Turkish Elections of June 12, 2011: Now What?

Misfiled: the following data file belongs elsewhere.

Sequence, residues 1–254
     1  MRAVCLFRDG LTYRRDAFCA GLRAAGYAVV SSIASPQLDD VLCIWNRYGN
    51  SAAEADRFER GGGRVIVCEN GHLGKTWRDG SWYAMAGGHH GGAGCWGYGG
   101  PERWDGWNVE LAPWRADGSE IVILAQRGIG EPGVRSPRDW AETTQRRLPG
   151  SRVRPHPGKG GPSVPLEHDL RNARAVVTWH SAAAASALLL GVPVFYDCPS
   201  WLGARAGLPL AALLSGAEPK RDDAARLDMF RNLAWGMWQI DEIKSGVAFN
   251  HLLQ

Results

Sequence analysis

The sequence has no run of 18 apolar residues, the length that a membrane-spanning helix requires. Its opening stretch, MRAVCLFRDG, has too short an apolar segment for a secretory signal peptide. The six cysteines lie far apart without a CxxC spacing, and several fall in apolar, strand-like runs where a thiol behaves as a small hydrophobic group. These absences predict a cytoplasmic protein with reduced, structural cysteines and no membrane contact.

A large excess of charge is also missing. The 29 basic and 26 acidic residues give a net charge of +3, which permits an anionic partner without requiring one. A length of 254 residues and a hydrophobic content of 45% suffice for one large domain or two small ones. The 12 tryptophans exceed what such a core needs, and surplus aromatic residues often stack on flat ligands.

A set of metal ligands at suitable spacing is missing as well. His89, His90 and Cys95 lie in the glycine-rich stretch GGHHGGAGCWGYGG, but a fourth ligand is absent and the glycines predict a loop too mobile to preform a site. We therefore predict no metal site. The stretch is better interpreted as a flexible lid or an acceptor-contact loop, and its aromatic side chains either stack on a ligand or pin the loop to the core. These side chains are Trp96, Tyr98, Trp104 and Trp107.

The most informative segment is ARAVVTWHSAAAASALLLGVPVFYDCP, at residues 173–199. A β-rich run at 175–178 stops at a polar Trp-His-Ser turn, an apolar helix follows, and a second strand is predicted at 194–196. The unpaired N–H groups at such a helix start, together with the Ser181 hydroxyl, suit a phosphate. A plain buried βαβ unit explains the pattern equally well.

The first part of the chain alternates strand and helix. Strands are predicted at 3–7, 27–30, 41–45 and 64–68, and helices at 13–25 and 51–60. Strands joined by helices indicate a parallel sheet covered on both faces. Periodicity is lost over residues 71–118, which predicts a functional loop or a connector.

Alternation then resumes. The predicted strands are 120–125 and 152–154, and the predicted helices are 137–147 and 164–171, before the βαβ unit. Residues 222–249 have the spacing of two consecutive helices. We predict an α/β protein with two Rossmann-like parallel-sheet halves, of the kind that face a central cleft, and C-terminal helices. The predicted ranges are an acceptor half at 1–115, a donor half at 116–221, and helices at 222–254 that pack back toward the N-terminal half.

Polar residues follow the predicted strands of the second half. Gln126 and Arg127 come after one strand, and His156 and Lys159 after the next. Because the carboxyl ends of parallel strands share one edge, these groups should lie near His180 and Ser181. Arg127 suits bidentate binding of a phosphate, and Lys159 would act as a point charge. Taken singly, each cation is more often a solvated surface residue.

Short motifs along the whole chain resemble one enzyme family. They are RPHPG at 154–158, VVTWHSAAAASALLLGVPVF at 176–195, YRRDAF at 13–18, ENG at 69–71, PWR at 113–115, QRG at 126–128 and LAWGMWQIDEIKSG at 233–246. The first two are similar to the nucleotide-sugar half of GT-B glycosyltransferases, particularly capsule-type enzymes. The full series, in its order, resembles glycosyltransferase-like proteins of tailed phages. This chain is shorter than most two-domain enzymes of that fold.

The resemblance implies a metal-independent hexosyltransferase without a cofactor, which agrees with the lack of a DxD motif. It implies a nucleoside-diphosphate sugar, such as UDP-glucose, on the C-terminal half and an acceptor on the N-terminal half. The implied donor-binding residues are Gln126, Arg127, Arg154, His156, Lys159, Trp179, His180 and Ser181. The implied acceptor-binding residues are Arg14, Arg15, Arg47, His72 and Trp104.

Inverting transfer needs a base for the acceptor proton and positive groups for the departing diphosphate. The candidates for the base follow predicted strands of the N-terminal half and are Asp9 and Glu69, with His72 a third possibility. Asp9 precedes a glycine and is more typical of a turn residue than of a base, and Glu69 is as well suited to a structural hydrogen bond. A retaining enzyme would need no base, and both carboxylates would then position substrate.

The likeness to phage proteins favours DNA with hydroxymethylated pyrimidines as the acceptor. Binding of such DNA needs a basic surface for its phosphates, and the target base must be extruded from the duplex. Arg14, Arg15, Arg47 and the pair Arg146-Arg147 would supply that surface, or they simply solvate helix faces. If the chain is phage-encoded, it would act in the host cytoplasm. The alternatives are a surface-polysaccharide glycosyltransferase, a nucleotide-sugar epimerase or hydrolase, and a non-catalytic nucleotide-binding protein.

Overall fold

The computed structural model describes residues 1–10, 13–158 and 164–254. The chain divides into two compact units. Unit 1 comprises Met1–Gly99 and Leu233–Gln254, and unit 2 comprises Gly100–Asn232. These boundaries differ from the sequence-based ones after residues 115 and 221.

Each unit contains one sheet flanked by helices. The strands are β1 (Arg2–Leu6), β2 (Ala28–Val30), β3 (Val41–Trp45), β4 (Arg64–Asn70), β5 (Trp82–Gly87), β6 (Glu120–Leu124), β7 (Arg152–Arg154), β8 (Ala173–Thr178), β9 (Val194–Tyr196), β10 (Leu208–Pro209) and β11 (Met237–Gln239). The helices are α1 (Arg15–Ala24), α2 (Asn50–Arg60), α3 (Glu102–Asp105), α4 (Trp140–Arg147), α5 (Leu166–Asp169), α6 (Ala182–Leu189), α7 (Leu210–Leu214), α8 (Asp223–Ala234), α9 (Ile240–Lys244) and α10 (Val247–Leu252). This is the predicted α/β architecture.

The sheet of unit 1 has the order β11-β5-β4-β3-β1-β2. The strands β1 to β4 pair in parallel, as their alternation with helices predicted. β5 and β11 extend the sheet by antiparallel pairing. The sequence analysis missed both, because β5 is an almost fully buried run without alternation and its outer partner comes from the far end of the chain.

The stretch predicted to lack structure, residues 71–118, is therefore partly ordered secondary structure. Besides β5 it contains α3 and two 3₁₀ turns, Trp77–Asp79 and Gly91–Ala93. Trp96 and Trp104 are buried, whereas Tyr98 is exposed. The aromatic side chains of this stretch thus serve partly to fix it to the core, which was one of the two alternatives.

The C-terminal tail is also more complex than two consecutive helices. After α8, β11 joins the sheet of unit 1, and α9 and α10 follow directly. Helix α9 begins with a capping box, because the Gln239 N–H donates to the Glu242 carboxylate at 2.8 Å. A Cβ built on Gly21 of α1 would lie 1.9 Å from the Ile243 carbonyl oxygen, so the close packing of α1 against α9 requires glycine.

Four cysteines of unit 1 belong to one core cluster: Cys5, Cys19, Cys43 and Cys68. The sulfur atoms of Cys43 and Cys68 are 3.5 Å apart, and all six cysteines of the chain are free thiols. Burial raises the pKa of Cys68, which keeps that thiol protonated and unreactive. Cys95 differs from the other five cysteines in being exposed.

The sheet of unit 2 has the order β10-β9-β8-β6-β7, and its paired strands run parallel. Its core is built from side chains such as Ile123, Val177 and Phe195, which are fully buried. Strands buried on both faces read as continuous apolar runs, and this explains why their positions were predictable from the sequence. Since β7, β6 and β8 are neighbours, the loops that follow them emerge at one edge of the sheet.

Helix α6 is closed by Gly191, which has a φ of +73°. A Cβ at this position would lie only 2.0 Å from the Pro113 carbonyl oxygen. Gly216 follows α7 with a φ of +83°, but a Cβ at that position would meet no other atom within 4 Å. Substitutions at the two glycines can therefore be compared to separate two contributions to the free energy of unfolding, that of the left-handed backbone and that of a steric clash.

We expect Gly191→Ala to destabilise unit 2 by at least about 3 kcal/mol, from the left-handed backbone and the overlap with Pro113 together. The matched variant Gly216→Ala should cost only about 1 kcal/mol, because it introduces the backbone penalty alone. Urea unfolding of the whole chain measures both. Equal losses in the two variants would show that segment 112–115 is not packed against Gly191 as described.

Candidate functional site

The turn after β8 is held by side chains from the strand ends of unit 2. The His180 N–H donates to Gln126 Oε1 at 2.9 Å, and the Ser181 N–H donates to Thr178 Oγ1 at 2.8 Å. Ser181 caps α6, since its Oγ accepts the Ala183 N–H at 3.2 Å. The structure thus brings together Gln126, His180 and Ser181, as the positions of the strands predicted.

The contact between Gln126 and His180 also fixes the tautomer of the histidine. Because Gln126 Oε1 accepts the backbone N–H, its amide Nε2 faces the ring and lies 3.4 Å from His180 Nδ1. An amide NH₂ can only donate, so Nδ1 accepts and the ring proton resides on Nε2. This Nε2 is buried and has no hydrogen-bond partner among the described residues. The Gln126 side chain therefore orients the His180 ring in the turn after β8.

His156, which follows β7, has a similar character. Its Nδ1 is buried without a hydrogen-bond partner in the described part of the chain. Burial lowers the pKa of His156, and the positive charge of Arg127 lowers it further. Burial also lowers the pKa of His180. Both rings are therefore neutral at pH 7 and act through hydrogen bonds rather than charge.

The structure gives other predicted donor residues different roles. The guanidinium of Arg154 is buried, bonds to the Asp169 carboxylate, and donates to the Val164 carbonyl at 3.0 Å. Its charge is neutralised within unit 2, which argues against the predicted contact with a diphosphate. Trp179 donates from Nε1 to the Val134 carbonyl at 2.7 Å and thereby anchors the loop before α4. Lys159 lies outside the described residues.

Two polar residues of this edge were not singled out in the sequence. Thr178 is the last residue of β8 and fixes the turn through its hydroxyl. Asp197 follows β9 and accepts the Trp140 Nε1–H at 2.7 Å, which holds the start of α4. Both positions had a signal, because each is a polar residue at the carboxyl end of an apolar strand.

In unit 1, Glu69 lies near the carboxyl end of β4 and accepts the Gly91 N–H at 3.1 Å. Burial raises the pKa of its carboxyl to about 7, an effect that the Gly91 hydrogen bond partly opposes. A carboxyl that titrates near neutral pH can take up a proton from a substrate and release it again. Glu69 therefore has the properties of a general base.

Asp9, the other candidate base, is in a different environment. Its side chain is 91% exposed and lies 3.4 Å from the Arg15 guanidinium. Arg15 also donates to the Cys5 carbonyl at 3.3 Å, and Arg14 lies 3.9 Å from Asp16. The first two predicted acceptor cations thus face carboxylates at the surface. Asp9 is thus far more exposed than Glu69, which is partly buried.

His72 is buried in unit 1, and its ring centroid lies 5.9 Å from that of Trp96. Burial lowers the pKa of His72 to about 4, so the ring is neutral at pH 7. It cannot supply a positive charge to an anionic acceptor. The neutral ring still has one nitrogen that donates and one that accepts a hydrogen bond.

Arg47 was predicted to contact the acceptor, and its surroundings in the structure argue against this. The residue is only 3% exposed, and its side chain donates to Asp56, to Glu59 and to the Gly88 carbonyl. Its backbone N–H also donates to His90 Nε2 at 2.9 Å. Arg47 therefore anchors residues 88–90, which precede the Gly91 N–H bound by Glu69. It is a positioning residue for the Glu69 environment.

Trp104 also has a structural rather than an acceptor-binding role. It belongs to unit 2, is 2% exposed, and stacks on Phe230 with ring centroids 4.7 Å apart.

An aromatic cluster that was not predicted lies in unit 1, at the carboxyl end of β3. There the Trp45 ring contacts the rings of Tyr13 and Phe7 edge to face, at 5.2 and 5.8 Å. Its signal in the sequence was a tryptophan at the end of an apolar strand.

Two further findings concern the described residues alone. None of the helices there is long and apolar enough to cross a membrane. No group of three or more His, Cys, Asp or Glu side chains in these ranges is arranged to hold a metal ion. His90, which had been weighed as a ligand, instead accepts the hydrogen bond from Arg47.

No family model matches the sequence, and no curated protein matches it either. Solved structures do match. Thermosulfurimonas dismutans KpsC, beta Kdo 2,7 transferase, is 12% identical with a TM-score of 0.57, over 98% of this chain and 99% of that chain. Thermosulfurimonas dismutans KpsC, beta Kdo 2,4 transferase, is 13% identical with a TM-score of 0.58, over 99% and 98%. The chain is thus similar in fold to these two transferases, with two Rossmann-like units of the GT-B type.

Results from the June 12 election indicate that Turkey maintained a moderate pluralist party system in structure in the parliament, consisting of the same four parties that were previously serving. But it looks as if Turkey is gearing up to become another example of predominant party system soon. Short of making a constitution that is considered as politically, legally, and morally binding for the political elites of Turkey, it will be difficult to assume that Turkish democracy is fully consolidated. The stage seems to be set for a start of negotiations for a civilian-made democratic constitution in Turkey. The governing AKP needs the support of at least five more deputies from other parliamentary groups. The Turkish political elites are good at confronting and fighting each other, but they seem not to be as capable or intent upon working together as government and opposition. The summer months may produce a period of cooling off for the political elites and for the Republican People’s Party and Nationalist Action Party to settle their intra-party accounts before October.